Topic Expert
Wayne Spivak
Title: President & CFO
Company: SBAConsulting.com
LinkedIn Profile
(President & CFO, SBAConsulting.com) |

Hi Sara,

You hit the nail on the head, "no changes in scope". I knew (and so did the ownership; which is why they didn't argue) that the scope would expand greatly. It start to expand day 1.

Of the examples you gave, the one most likely to go awry is implementation. There are so many "gotchas" in that phase of a project that fix pricing or putting a ceiling can make a good deal bad for the consultant. Remember, most times we the consultants have no idea as to the real issues (good or bad) at a client until we're knee deep in the data.

Topic Expert
Bob Scarborough
Title: CEO
Company: Tensoft, Inc.
(CEO, Tensoft, Inc.) |

A few additional thoughts:
1) Break the project into two phases (minimum). The first phase should be writing the specification - no work to be done. Even if you have an internal specification or business requirement it may assume internal knowledge the outside folks don't have. Even if the requirement project is just a few days of effort it needs to be done. Getting a signed off document - by the outside folks and your internal leadership - defines the scope.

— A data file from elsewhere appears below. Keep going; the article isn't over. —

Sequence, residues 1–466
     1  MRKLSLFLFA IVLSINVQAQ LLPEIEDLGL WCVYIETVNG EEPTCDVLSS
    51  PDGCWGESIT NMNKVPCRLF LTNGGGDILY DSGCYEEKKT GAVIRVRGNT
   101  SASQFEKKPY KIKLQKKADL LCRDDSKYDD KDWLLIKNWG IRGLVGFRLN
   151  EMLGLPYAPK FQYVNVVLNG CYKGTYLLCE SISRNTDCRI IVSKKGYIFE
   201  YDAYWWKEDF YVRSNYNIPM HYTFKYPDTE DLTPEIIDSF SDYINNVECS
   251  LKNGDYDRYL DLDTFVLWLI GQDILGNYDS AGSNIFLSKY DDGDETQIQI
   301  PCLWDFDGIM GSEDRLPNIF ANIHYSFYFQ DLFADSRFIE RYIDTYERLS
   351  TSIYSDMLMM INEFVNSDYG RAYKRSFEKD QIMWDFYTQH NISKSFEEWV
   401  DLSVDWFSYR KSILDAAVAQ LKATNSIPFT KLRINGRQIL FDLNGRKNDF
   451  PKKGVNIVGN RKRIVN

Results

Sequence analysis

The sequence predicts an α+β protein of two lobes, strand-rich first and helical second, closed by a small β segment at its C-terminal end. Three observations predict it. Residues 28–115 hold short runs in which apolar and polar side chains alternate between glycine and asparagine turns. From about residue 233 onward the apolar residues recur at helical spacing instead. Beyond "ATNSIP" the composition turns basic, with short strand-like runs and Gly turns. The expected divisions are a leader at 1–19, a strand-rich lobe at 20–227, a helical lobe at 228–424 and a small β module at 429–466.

2) Have clear internal and external ownership of the project - including a project change management process. Deviation - for any reason - needs to go through the required project change management.
3) Acknowledge everyone has a right / obligation to say no. If you want to hold to scope, if you want to leverage the expertise of your internal and outside teams, if you want to teach your outside IT consultants that not all billed hours are good hours, everyone needs to be able to say no. This is the hardest thing for many IT consultants to do - so you may need to find outside IT leadership able to say this (see Wayne's comment about communication above).